| The Heath Anthology of
American Literature, Fifth Edition
(1908 - 1963)
Theodore Roethke was born in Saginaw, Michigan, and
spent his childhood in and around his father’s large commercial greenhouses,
with their luxuriance of protected natural growth. It was there, among the
acres of roses and carnations, and in cellars rank with rotten manure and
rooting slips, that he developed his participatory awareness of the small
things of nature. These two, the greenhouses and the almost godlike father
directing a crew of skilled florists and helpers, would become the most
pervasive shaping presences in his poetry—the greenhouses a humanly created
Eden surrounded by open fields of eternity, and the father a center of powerful
conflicting emotions of love and hate.
apparently began to write poems during his undergraduate years at the
University of Michigan, where he received a B.A. in 1929, but if so, he wrote
in secret. His doing so is only one early instance of his habitual wearing of
masks to hide an inner vulnerability and seriousness. It was not until his
graduate school years, first at Michigan and then at Harvard, that he either
discussed or wrote poetry openly. His first publications came in 1930 and 1931.
His teaching career, which would prove to be lifelong, began in the fall of
1931 at Lafayette College in Easton, Pennsylvania. Toward the end of his
four-year term there, he served also as tennis coach, a game he played with
intense and even rude aggressiveness. Later he would teach at several other colleges
and universities before settling, from 1947 until his death, at the University
pattern that would also prove to be lifelong emerged by 1931, or even before.
By the time he went to Easton to teach, Roethke was already a heavy drinker,
having frequent bouts of drunkenness during which he sometimes became rowdy and
even destructive. Friends would later recall his drinking as a kind of search
for oblivion. Certainly the drinking was both evidence and a contributing cause
of the complex and severe emotional problems that led to his being hospitalized
several times for what was usually diagnosed as manic-depression. Throughout
his life he swung between extremes—of mood, of bravado or torturing self-doubt,
of self-righteousness or guilt, of certainty that he was America’s preeminent
poet or despair over his supposed lack of achievement. He seems to have felt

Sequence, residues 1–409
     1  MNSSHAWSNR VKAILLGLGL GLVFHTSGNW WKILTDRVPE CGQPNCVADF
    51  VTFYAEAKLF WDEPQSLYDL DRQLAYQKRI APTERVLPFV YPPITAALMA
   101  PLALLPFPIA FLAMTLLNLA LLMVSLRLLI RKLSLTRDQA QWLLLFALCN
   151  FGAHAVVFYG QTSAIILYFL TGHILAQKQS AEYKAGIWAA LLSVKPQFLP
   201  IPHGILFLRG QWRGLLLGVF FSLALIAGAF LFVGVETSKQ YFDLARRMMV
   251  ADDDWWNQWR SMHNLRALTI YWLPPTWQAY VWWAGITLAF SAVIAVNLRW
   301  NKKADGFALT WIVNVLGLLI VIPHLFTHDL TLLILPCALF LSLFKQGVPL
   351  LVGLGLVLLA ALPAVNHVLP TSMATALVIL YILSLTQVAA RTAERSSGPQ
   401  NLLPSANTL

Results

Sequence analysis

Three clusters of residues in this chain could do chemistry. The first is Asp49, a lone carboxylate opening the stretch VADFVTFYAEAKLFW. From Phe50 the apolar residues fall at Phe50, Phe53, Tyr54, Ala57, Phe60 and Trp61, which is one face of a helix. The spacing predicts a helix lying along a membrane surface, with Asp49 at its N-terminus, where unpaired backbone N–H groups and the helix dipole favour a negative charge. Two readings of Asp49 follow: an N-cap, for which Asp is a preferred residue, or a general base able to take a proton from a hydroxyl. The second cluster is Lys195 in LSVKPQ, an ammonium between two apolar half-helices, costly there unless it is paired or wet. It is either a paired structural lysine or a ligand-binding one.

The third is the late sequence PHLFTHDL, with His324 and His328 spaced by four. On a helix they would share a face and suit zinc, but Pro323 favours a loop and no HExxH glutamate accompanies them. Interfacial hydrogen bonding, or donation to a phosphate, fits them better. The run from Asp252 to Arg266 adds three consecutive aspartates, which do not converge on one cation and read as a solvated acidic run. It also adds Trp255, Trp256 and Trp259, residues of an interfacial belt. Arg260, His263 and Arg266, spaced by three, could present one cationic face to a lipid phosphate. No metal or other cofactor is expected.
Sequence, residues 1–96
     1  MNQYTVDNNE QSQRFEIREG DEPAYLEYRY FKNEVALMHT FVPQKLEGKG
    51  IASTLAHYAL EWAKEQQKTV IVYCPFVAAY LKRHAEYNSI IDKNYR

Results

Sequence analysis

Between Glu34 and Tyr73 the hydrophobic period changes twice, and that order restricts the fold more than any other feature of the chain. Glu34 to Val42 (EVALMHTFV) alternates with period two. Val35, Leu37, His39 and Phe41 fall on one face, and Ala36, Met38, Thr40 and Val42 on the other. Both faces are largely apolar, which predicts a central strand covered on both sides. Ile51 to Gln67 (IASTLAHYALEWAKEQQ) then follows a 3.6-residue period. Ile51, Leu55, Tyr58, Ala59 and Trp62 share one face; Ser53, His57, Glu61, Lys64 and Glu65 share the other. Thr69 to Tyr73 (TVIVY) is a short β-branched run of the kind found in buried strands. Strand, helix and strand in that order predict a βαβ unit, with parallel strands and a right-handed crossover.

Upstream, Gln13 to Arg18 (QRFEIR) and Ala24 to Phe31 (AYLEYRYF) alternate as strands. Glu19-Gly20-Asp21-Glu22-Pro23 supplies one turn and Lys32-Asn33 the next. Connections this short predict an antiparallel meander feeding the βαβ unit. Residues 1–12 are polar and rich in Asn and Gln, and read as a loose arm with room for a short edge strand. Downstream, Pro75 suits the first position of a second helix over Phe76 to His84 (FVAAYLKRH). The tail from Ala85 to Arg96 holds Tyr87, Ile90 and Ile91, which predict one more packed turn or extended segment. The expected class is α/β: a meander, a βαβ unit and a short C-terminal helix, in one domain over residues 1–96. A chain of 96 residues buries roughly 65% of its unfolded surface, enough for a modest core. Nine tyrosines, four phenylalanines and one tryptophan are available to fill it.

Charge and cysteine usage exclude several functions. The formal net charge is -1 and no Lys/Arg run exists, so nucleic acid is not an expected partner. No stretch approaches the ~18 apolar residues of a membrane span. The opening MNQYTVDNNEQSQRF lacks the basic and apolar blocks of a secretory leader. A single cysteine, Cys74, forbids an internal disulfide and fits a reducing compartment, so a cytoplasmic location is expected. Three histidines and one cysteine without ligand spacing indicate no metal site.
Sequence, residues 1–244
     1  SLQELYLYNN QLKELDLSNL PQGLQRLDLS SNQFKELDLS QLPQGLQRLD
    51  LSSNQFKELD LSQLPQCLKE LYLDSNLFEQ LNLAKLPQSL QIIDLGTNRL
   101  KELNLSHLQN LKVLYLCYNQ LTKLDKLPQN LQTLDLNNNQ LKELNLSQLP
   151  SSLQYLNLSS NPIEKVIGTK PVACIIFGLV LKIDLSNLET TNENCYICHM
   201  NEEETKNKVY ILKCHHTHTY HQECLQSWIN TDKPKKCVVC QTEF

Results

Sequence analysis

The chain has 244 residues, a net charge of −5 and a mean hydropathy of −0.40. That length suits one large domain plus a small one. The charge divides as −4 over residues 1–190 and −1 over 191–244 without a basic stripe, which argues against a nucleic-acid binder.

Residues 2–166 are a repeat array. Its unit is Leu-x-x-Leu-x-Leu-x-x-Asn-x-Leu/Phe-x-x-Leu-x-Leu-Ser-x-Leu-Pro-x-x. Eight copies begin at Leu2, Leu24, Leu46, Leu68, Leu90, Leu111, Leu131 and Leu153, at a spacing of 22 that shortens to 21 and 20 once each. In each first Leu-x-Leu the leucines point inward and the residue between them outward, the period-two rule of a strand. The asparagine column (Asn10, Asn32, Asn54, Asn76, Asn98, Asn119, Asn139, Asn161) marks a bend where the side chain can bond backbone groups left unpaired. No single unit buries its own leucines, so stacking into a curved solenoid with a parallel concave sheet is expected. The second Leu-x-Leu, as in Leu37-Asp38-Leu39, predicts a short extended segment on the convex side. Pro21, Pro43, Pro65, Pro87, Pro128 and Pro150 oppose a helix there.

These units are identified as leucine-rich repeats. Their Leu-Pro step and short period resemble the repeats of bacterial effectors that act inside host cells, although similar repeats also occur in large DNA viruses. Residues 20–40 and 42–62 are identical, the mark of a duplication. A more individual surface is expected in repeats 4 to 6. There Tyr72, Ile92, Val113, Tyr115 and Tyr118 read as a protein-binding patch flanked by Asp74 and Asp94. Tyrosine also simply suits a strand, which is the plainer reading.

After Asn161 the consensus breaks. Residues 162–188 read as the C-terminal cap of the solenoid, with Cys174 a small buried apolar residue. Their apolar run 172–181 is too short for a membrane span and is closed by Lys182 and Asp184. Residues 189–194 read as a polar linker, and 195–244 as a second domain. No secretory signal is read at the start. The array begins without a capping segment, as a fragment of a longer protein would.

that nothing he did would have earned his father’s approval.
1953, Roethke married Beatrice O’Connell, a former student of his and also a
former fashion model. At the time of their marriage, Beatrice was totally
unaware of his history of mental illness; he told her nothing. Before a year
was out, she had seen him through one of his typical crises, though a fairly
mild one involving only two weeks of hospitalization. She rose to the need and
proved remarkably supportive over the years, a real companion as well as
caretaker. It must not have been easy. He was extraordinarily demanding, as
well as dependent, and was an inveterate casual pawer of women. His
difficulties relating to women apparently sprang from very complex feelings
toward his mother which, if less disturbing than those toward his father, were
at any rate troubled. However, several of his late poems record Roethke’s great
care and concern for his wife, and one of his most significant works,
“Meditations of an Old Woman,” draws partly on his regard for his mother.
its disciplined exploration of rhythmic variation and symbolist style,
Roethke’s poetry is characterized by a deep, even mystical, animism, a close
attention to minute living things and natural processes, and a continuing use
of childhood anxieties and his own ambivalent feelings toward his father in
developing a motif of the soul journey. For Roethke, this journey went toward
reconciliation and oneness. In his late poem “The Rose” (from “North American
Sequence”) his father would be joined with an evocation of the greenhouse world
as images of perfect beatitude: “What need for heaven, then, / With that man
and those roses?” Among his many honors and awards were the Pulitzer Prize, the
Bollingen Prize, a Fulbright Award, and two Guggenheim Fellowships.
Texas A & M University
In the Heath Anthology
Frau Baumann, Frau Schmidt, and Frau Schwartze
fromMeditations of an Old Woman
from Fourth Meditation
from The Lost Son
1. The Flight
4. The Return
5. It was beginning winter
Praise to the End!
The Wakening: Poems 1933-53
Words for the Wind: The Collected Verse of Theodore Roethke
I Am! Says the Lamb
Party at the Zoo
Sequence, Sometimes Metaphysical
The Far Field
The Collected Poems of Theodore Roethke
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An audio reading of The Snake performed by Harolyn Blackwell and Craig Rutenberg.
Modern American Poetry
Several critical essays, a biography, and a bibliography.
Theodore Huebner Roethke
An impressionistic portrait of Roethke, a biography, list of primary works, and more.
Contains fourteen poems, a biographical sketch, and links.